The view of the Graham Hill Landfill in Brunswick from a nearby home in Durham. The wind is depositing large quantities of trash along the facility’s perimeter, frustrating neighbors.Windblown litter carpets Durham resident Megan Nalbandian’s wooded property, which abuts Brunswick’s Graham Road Landfill.Windblown trash from Brunswick’s Graham Road Landfill has accumulated around the outer perimeter, angering abutters in Durham. Litter is especially bad along the eastern boundary on this path next to the fence.
BRUNSWICK — Durham residents who live near the Graham Road Landfill say they are concerned and, in some cases, sickened by an accumulation of trash and waste outside the dump’s fenced-in border.
Many said they want more diligent clean-up protocols from Brunswick, which lacks a routine program to monitor litter.
“It’s just disgusting, it’s horrible,” said Megan Nalbandian, who lives on Deervale Road in Durham and whose property touches a northern boundary of the 16-acre landfill.
Litter has been an issue since she and her husband moved to the road six years ago, Nalbandian said, “(but) I feel like it has gotten worse.”
On Monday afternoon, garbage studded a cleared but overgrown portion of the property about 30 yards behind her home, where there’s a panoramic view of the landfill’s trash summit.
Trash carpeted the forest floor beside the clearing: a blue Oreo cookie package, a crushed yogurt container, a large bone among densely packed waste on the ground; plastic bags and scraps hung like ornaments on tree branches.
The eastern portion, closer to the Androscoggin River, is worse, neighbors said, and trash has formed its own kind of river along the perimeter path along the fence.
“I understand that (trash) is going to blow over, but there should be someone who comes over and cleans it up,” Lance Jochem, Nalbandian’s neighbor, added Tuesday. “That irritates me more than the trash.”
Brunswick officials were surprised to learn about the situation – although they acknowledged that complaints about litter and odor are not new. They responded with alarm and assurances that the litter would be cleared.
There is no regular clean-up program to clear the debris that spills outside the landfill perimeter, Public Works Director John Foster said Tuesday.
Rather, the town hires temporary workers to collect litter, and when they have the time, public works crews do it themselves, he said.
Usually, Foster added, there is a great effort to clean up in the spring after the snow has melted. Foster said he hasn’t received an update from a landfill attendant – or neighbors, for that matter – about trash that’s now problematic.
“Sounds like we’ve been a little lax on the job and we’ve got to get down there and that’s what we’re going to do,” he said.
High winds are usually what cause trash to fly over the fence, which may be happening more frequently as the 30-year-old landfill grows taller.
The rate at which it’s growing has rapidly increased since July, although someday it will stop completely: Brunswick is in the process of shutting down the facility over the next four years since it fell out of compliance with tighter EPA restrictions created in 2004.
Specifically, the system of lagoons that treat the dirty rainwater flowing through the trash heap – called leachate – aren’t capable of filtering the ammonia to the now-lower regulated levels. The treated water is currently discharged into the Androscoggin River.
“It exceeds the allowable standard, but again, people (and the DEP) will tell you it’s not a water quality issue,” Town Manager John Eldridge said, noting that the sewer district is permitted to discharge three times the amount of ammonia into the same river.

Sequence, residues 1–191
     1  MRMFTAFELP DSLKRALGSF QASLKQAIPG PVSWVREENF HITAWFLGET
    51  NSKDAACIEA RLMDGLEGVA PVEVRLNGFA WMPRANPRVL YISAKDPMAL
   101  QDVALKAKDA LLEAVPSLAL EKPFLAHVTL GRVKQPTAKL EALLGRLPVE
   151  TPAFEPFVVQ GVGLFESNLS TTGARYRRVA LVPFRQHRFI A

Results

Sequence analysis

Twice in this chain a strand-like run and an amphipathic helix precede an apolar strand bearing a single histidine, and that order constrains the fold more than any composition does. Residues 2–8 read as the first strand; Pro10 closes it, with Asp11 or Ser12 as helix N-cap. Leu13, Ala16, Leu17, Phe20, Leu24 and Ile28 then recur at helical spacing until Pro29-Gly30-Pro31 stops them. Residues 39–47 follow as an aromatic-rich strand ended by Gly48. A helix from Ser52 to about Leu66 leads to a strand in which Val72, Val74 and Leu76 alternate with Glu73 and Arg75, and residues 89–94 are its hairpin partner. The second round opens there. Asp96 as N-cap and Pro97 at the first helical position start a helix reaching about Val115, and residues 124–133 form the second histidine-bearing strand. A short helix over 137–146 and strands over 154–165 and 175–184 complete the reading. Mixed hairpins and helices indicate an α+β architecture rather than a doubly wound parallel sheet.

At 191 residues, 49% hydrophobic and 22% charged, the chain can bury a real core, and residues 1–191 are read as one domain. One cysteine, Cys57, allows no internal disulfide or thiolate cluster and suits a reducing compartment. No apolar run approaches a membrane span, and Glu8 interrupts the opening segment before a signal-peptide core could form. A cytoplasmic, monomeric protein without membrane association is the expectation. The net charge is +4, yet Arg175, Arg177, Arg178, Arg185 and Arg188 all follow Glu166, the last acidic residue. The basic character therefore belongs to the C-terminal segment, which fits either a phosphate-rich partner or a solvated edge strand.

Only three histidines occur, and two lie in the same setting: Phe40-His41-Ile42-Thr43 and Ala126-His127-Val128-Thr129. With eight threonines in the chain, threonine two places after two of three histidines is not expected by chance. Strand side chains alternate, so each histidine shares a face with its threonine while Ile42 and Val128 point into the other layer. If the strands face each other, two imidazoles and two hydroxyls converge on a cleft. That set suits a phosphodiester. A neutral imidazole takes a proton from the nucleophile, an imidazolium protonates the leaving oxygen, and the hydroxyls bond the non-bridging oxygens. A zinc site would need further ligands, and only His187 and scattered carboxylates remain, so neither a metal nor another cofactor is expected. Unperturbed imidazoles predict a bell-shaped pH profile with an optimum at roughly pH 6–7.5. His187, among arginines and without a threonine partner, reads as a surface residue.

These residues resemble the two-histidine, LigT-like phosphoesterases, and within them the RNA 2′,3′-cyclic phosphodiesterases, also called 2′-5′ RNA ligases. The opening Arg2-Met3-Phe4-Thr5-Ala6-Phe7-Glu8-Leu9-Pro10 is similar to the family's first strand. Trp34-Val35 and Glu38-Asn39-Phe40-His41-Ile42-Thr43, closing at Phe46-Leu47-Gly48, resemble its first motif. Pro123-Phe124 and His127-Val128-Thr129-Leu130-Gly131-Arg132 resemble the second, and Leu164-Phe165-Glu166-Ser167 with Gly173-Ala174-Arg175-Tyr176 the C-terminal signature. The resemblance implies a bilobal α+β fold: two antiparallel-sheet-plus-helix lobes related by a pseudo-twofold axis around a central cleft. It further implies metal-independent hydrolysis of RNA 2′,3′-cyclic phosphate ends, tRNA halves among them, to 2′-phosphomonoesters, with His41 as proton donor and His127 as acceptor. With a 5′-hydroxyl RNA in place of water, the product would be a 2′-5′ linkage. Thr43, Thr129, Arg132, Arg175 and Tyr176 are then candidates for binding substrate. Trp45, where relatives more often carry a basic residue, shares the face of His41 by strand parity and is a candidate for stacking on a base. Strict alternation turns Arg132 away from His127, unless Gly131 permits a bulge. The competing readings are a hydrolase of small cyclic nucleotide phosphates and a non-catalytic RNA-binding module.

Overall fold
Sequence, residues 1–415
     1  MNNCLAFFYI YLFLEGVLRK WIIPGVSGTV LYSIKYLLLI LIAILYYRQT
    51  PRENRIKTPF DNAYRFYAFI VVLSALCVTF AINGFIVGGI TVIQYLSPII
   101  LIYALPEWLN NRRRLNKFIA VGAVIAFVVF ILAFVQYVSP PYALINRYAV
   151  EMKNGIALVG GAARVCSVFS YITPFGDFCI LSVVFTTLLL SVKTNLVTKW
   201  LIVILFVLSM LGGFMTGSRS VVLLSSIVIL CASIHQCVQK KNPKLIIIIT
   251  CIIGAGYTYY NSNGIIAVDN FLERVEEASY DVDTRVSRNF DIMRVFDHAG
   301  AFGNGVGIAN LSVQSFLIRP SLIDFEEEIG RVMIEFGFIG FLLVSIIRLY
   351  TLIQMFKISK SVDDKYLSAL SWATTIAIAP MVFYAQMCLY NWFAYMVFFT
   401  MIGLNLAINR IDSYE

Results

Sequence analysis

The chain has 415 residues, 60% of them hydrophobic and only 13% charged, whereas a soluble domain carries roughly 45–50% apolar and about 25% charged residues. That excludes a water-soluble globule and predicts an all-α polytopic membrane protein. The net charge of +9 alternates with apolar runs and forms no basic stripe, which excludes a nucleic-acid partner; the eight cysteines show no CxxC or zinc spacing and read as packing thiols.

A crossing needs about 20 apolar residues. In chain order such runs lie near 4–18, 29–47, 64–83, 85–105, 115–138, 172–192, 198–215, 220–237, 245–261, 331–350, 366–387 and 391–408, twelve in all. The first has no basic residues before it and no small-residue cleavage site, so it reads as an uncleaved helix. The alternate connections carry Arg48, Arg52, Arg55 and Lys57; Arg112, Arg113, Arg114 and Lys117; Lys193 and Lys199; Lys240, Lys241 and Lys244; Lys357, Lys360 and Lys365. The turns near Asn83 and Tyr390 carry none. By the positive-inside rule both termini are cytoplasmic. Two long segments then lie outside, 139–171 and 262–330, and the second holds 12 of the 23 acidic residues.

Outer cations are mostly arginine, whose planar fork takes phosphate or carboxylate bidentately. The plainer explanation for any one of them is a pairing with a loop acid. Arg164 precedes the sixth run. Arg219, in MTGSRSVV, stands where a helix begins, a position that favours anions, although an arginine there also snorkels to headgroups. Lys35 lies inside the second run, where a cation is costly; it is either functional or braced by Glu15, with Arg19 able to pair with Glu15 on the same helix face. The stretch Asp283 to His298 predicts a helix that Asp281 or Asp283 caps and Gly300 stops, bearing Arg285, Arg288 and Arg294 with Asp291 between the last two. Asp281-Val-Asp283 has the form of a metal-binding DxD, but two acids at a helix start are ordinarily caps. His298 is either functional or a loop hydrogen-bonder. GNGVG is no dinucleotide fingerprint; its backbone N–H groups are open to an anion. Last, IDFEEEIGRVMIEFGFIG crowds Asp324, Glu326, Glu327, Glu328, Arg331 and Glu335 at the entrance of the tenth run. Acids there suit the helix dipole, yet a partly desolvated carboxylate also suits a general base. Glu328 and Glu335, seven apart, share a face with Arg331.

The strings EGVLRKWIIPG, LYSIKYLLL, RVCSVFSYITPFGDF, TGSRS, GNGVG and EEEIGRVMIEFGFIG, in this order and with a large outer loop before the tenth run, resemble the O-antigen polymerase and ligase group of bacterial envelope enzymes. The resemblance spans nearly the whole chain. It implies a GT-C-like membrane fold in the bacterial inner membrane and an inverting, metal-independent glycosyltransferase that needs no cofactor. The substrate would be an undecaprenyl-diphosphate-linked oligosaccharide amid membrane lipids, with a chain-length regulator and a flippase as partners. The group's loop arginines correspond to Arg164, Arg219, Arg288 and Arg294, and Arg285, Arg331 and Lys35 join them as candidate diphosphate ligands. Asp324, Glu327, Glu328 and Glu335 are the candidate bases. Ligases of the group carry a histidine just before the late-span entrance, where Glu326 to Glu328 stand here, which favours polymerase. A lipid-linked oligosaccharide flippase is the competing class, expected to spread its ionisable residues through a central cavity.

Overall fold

To generate additional revenue to pay for the closure – most of which will be subsidized by the state – the town has nearly tripled its intake of trash since July.
It is set to take in around 12,000-14,000 tons of trash a year, up from the 4,500 tons it used to average, Foster said. It has a total capacity of 400,000 tons, 330,000 tons of which has been filled since it was built in 1984.
In December 2021, it is expected to close, according to a schedule Eldridge has put together with the DEP.
Eldridge said it’s common to pile trash high as landfills prepare to close; he, Foster, and Durham residents speculated that the height could make trash more likely to float off the property.
Neighbors said birds are often responsible for dropping items like bones and scraps on their lawns; on Monday, gulls cawed and circled the summit of the dump heap, where a compactor truck was parked.
At least one bird carcass was rotting on Nalbandian’s property, which she said was common and distressing.
“Our Labrador retriever, we found out, cannot eat what a bird can eat,” Bunny Siegel, who has lived on Deervale Road since 2000, said Tuesday.
But Foster attributed most litter to the wind, and explained that trash is likely worse on the eastern side of the perimeter because the wind more often blows in that direction.
“We’ve addressed this issue in the past before but it hasn’t been recent. It’s not an unusual issue for landfills,” he said.
Brunswick also addressed neighbors’ concerns about odor a few years ago. About eight years ago, Siegel recalled a resident, who has since moved, reported a strong, sulfurous odor coming from the dump.
The town responded by installing ventilators, but Lance Jochem and his next-door neighbor, David Pillsbury, said they still smell trash from time to time.
But Pillsbury is understanding; living next to a dump, he said that’s to be expected.
“We’ve never had any concern,” he said, motioning to the “half of a football field” of woods set between the landfill and his house on Monday afternoon.
However, upon seeing photos of the trash, he said, “that concerns me.”
Callie Ferguson can be reached at 781-3661, ext. 100, or firstname.lastname@example.org. Follow Callie on Twitter: @calliecferguson.